LES-SABLES-D’OLONNE, France (AP) — Frenchman Charlie Dalin crossed the line first in the Vendee Globe on Wednesday night after eighty days at sea, yet could not be declared the winner until two other sailors finished in an unprecedented ending to the solo round-the-world race.
The 36-year-old Dalin arrived at 8:30 p.m. local time in his 60-foot monohull Apivia at Les Sables-d’Olonne in west-central France, situated on the Atlantic Ocean.
A smiling Dalin, who is also an architect, stood on top of his yacht and waved, then lit a flare, following 80 days, 6 hours, 15 minutes, 47 seconds of arduous sailing.
“It is a magical race. It has changed me, I am not sure how yet, but it has. So many emotions of such strength, things I have not felt before,” Dalin said. “There are lots of ups and downs on the race with lots of things to fix, but it is a wonderful experience.”
But he had to wait before officially celebrating his first triumph, because German yachtsman Boris Herrmann, who was in third, and Frenchman Yannick Bestaven in fifth, had not yet crossed the line.
Those two will get several hours knocked off their overall finish times for helping in the search and rescue of Kevin Escoffier, who capsized 200 miles west of Cape Horn in late November.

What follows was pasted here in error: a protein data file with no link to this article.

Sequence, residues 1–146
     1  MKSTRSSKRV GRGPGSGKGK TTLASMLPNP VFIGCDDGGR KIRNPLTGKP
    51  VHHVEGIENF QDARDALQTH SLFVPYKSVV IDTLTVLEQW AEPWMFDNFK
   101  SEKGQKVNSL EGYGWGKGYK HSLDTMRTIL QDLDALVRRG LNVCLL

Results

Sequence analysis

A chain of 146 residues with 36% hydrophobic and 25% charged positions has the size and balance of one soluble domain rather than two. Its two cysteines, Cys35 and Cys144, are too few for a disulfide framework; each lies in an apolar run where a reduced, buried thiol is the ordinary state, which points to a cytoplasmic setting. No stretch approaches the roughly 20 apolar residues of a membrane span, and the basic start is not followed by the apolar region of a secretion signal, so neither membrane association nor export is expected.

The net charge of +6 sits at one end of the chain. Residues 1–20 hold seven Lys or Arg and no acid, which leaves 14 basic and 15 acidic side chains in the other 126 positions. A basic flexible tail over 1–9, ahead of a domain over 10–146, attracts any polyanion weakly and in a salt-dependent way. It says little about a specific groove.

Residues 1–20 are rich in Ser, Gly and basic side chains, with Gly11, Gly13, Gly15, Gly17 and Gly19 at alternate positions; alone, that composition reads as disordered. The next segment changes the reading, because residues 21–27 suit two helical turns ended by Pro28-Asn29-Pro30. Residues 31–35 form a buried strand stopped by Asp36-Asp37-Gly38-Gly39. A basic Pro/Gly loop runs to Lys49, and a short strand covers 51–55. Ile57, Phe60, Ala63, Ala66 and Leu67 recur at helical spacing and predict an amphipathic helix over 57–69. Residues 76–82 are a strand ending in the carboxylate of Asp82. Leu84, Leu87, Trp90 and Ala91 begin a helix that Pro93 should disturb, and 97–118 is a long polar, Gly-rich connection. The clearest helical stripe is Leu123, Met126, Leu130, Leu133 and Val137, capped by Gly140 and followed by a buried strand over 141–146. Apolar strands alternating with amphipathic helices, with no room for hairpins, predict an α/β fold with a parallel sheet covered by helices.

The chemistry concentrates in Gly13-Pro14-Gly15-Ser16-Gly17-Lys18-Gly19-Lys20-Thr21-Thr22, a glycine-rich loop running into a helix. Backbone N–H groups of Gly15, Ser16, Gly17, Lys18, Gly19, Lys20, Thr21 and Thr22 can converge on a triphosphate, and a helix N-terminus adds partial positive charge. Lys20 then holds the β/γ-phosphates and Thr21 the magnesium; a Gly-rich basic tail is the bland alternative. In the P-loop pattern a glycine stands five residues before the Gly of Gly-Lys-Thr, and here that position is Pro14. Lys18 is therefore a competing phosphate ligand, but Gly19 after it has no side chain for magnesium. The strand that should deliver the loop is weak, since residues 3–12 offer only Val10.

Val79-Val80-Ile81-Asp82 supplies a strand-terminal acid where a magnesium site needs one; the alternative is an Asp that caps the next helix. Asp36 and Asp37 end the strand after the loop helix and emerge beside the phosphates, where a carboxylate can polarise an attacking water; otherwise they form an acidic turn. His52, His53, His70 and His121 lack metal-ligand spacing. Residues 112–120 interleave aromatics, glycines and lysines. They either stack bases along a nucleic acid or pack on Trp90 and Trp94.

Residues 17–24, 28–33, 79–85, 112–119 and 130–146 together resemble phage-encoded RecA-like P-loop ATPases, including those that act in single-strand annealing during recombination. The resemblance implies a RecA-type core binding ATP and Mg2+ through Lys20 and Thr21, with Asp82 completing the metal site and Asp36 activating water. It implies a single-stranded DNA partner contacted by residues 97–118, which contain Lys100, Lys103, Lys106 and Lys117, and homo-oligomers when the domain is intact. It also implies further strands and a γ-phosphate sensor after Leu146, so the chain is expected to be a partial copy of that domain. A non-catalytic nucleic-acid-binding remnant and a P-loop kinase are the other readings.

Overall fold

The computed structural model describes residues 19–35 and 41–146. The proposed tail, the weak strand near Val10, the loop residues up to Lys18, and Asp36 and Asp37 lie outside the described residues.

Hermann was to have six hours removed while Bestevan was getting 10 hours, 15 minutes shaved off.
They were both due to arrive in the early hours of Thursday morning.
But Herrmann’s chances took a blow when he collided with a fishing boat in the Bay of Biscay late on Wednesday night, around 90 nautical miles from the end, and had to slow down because of a damaged starboard foil.
Jean Le Cam, who sheltered Escoffier on his yacht, was getting more than 16 hours back. But he was in eighth place when Dalin arrived and considered too far back in the running to challenge for victory.
The three sailors diverted course to help search for Escoffier and an independent race jury panel accounted for how much time and distance they lost.
The race, held every four years, also starts from Les Sables-d’Olonne.
It takes sailors around South Africa’s Cape of Good Hope, Cape Leeuwin in western Australia and South America’s Cape Horn, over some 24,000 nautical miles (about 44,500 kilometers).
“I have been through the Indian Ocean, the Pacific and past Cape Horn,” Dalin said. “It is incredible how many things I have done. It makes me tired to think I did all that.”
Frenchman Armel Le Cleac’h won the previous edition.
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